Having just drifted out the Guadiana with the tide, we lay on the anchor just outside the fairway and waited for a breeze, getting a few odd looks from passing fishermen for choosing the strangest anchorage in the world. Just before midnight it came, and we headed west – our forecast showed that we would have to stay west of Cape st.Vincent to get good wind for Morocco, so off we headed, back the way we had come.
West, and south west, and the next evening we passed Lagos again and turned left. We hadn’t been going long before the wind picked up. We reduced sail and the wind kept on picking up, until we were down to nothing but the small jib, running downwind before the northerly gale. It was dark and cold and wet and scary, but at least it was in the right direction and we had no shortage of sea room. The self steering did its job admirably and my fantastic crew even managed to make some hot food, though it was so rough that I wouldn’t even have tried to make tea.
The sun rose eventually, the wind eased, the main went back up, and we continued south. I started to take sun sights with the sextant, and tried to remember the calculations – this was the first real offshore passage I had made without GPS, and so was the first time I had ever had to really use the sextant in anger.
It is a strange feeling, when you are not used to it, to not know where you are in the sea, and yet this is often the reality when dead reckoning and astro-navigating. You realise that the important thing is actually to know where you are not, and so as long as you can’t see any signs of danger, you can usually relax – unless of course there are unmarked submerged rocks nearby, which suddenly become a very real and rather terrifying threat.
After three or four days of roly poly downwind sailing we found Morocco! Somehow, we even ended up in vaguely the right place. But as we neared the coast the wind backed and picked up, the sun set, and some horrible black clouds rose over the horizon. We ran towards the port, El Jadida, narrowly missing some huge waves breaking on a reef, but when they turned the navigational lights on we got very confused about where we were because they didn’t match the lights on the (up to date) chart at all! By now it was dark and there was no visibility due to the heavy rain, and the wind was just increasing. I couldn’t get the port on VHF radio, but I did get in touch with a nearby tanker, who couldn’t help me with the lights but warned us that the wind was forecast to reach F9 that night, with 5m swell.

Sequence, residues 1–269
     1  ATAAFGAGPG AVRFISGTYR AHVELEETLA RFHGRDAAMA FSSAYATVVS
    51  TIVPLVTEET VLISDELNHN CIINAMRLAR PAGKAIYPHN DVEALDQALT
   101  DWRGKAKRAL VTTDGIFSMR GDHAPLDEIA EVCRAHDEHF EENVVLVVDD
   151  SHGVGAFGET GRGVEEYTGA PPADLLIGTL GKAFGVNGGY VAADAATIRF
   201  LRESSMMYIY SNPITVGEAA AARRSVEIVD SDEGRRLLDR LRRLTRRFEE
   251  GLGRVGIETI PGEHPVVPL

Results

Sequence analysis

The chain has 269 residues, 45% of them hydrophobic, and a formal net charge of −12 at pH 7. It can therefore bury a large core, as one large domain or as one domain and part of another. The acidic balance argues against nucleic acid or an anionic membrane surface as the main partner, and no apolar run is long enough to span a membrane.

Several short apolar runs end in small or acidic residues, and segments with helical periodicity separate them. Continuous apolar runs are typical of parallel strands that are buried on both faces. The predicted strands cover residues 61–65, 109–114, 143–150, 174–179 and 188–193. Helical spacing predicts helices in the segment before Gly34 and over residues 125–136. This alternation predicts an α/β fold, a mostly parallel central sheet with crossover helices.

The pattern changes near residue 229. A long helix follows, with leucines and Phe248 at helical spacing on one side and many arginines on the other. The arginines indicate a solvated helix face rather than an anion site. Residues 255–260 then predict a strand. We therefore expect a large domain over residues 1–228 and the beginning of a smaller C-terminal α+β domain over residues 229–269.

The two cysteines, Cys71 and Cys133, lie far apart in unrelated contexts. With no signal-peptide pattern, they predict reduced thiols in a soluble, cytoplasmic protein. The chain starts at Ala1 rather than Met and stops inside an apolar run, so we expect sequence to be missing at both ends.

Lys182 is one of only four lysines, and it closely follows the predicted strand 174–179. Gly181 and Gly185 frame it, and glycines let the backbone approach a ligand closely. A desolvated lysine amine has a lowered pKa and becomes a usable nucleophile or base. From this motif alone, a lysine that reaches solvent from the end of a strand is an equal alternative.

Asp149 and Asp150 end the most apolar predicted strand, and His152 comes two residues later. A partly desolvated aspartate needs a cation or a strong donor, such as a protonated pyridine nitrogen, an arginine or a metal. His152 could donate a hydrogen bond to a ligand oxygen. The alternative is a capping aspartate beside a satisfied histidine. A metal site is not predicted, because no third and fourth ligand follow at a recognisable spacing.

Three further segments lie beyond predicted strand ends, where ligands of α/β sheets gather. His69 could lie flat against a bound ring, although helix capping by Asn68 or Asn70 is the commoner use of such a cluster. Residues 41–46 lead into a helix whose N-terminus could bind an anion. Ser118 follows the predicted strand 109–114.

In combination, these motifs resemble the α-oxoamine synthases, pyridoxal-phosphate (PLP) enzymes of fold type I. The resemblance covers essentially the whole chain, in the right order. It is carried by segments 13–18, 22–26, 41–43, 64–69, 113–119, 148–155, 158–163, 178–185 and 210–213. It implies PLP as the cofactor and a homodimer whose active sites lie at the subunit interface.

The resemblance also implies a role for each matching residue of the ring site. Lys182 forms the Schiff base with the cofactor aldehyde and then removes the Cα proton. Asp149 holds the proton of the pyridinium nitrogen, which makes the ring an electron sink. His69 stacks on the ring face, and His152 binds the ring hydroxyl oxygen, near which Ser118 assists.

Eventually, when the rain eased, I thought I could just make out the silhouette of the breakwater, which should have been lit but wasn’t. With fingers crossed we tacked upwind towards it with three reefs in, trying not to stray too far off the leading line into the shallows that were charted on either side. The swell was horrible and there were breaking waves both left and right – if we went out of the channel and touched the bottom that would be it, but with the severe gale on its way, we had to try and get in.
As we got closer the breakwater became clearer and I became more confident that we were in the right place. Eventually we rounded it and sailed into the small but well protected fishing harbour, found a wall to tie to, and fell into a long and grateful sleep.
After we had found our way through the maze of immigration bureaucracy we finally get out of the harbour compound and had a look around.